State of the "Recovery"
Brenner, Robert; et. alhttp://www.solidarity-us.org/site/node/4100
Date Written: 2014-03-01
Publisher: Against the Current
Year Published: 2014
Resource Type: Article
Cx Number: CX20376
The editors provide an overview of current issues in American politics, such as the debate over minimum wage, Wall Street, immigration reform, the Trans Pacific Partnership and the need for economic recovery.
What's been half-hidden is how much of the U.S. recovery, particularly the massive rise in corporate profits, has actually been predicated on smashing wage levels to the floor, and keeping them there. At this point, a $15 minimum wage would mean a raise not only for low-paid fast food and service workers, but for many contract (essentially sub-"second-tier") unionized auto workers! President Obama promises "executive action" to create some new retirement savings program for workers to replace disappearing company pensions, but where are struggling families supposed to get the money to put aside?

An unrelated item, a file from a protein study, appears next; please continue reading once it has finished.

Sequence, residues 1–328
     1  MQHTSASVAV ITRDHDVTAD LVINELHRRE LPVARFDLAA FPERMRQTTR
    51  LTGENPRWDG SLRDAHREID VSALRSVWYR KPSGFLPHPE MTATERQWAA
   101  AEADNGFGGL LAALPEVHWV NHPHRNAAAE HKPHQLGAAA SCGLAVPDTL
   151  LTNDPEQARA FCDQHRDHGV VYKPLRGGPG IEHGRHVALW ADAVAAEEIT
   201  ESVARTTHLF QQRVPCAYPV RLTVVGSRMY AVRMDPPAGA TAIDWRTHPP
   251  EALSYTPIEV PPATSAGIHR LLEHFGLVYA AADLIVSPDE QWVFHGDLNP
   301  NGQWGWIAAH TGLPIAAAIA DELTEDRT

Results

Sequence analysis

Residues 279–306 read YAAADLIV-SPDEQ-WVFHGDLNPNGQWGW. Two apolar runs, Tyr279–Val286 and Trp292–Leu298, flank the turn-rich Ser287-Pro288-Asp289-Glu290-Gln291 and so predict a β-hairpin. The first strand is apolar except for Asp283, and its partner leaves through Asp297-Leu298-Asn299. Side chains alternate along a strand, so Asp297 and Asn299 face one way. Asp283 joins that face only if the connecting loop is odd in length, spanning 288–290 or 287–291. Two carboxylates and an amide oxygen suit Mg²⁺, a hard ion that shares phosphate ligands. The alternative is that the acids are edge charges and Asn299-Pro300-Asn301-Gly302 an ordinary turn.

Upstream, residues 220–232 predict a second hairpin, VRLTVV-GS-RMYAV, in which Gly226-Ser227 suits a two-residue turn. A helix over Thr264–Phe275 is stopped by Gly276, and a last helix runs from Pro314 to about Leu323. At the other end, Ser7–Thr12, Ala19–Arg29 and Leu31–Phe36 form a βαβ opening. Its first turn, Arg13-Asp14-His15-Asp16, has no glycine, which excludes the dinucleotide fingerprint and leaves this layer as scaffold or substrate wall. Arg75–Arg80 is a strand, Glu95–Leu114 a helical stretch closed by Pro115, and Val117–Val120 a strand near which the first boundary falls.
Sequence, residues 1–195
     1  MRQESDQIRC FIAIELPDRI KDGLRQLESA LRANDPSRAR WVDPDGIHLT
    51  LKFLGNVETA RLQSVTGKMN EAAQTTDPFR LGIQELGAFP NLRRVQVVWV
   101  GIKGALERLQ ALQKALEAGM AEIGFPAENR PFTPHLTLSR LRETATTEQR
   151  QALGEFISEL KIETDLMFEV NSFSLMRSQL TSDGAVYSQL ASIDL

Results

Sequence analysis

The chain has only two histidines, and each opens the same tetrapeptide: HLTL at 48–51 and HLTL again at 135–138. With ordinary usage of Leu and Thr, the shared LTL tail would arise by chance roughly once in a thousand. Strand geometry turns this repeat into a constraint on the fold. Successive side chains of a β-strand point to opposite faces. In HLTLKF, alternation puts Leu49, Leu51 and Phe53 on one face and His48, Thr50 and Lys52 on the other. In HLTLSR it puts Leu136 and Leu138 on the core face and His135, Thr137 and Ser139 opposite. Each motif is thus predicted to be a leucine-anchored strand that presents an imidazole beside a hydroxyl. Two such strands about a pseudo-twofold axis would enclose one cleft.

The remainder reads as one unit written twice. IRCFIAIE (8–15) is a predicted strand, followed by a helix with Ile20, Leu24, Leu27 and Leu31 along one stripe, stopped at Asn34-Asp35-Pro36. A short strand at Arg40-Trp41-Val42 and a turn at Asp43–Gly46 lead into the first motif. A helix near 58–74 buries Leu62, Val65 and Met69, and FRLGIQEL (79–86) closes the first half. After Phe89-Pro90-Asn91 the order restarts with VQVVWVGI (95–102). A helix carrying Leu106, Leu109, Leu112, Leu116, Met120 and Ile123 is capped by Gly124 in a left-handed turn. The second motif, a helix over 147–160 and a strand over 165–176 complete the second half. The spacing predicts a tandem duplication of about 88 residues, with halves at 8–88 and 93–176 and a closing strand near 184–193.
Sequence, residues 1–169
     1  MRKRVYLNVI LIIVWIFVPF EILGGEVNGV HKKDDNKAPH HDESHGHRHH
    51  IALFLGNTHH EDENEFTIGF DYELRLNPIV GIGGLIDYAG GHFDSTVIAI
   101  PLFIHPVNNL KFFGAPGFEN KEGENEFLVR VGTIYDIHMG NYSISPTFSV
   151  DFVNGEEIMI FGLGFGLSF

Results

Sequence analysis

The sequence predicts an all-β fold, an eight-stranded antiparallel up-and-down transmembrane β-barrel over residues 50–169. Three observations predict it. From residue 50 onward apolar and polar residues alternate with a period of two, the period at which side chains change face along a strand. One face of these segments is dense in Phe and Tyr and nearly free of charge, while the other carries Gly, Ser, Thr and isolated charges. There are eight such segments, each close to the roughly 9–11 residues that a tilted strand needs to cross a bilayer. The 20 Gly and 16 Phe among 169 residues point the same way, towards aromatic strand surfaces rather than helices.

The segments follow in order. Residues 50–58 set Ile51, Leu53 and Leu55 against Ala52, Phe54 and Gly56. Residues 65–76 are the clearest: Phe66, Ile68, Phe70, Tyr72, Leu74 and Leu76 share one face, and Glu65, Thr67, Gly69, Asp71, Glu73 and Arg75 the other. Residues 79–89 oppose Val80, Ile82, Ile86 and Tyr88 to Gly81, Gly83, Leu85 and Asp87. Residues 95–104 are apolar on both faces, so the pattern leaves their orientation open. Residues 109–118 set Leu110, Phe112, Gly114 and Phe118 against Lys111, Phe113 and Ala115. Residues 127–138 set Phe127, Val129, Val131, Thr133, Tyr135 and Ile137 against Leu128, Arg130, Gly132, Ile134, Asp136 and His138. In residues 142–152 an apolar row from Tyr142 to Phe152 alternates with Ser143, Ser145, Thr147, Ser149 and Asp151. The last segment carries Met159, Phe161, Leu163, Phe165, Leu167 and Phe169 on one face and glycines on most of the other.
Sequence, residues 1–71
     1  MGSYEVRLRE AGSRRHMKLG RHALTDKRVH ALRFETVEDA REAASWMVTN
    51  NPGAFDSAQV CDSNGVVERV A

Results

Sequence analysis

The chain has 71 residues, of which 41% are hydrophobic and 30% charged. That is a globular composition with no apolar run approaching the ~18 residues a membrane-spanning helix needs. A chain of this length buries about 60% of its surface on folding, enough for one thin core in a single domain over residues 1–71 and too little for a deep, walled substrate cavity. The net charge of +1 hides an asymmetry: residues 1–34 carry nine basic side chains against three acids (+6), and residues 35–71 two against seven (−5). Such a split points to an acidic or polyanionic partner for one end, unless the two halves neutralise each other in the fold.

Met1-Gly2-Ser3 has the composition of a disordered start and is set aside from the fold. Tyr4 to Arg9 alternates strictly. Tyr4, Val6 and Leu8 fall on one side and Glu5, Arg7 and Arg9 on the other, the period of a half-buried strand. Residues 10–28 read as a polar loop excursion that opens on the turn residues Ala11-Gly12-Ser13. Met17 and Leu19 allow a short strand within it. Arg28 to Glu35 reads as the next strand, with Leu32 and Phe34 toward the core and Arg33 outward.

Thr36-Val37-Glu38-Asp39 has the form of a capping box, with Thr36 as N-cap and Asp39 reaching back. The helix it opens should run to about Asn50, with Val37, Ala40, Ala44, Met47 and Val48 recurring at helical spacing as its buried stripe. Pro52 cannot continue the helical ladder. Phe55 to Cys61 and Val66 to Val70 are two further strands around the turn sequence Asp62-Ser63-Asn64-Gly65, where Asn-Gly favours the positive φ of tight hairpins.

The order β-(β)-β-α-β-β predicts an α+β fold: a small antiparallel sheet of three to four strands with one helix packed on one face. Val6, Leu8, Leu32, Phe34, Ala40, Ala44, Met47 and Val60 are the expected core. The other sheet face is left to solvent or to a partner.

The contradictory reality now worrying much of the financial press is that such levels of inequality, wage stagnation and longterm unemployment, and the horrible job market and crushing debt facing young people today, have become a drag on the capitalist recovery -- i.e. the recovery of profits -- that these conditions helped produce. The combined effects of crumbling unions and savage attacks on wages and social safety nets; the multi-trillion-dollar bailout of Wall Street; incredibly low interest rates that pushed investors into Treasury bonds and the stock market; all have enriched the affluent and sustained profits, but at the expense of severely suppressing aggregate demand on which "the real economy" ultimately depends.
That's part of the reason that job levels haven't returned to their high point in 2007 prior to the crash.
Over the course of 2013, the U.S. stock market notoriously rose by 20%. In early 2014, when the Federal Reserve hinted it would just begin "tapering off" its monthly $85 billion bond purchases (the "quantitative easing" program that keeps interest rates near zero), the market began "correcting" or "tanking" -- depending on which term you prefer -- with the Dow dropping around 1000 from the mid-16,000s high point. Let's be clear that this doesn't mean a 2008-style market collapse or new Great Recession is about to happen, but it’s a symptom of deep uncertainty.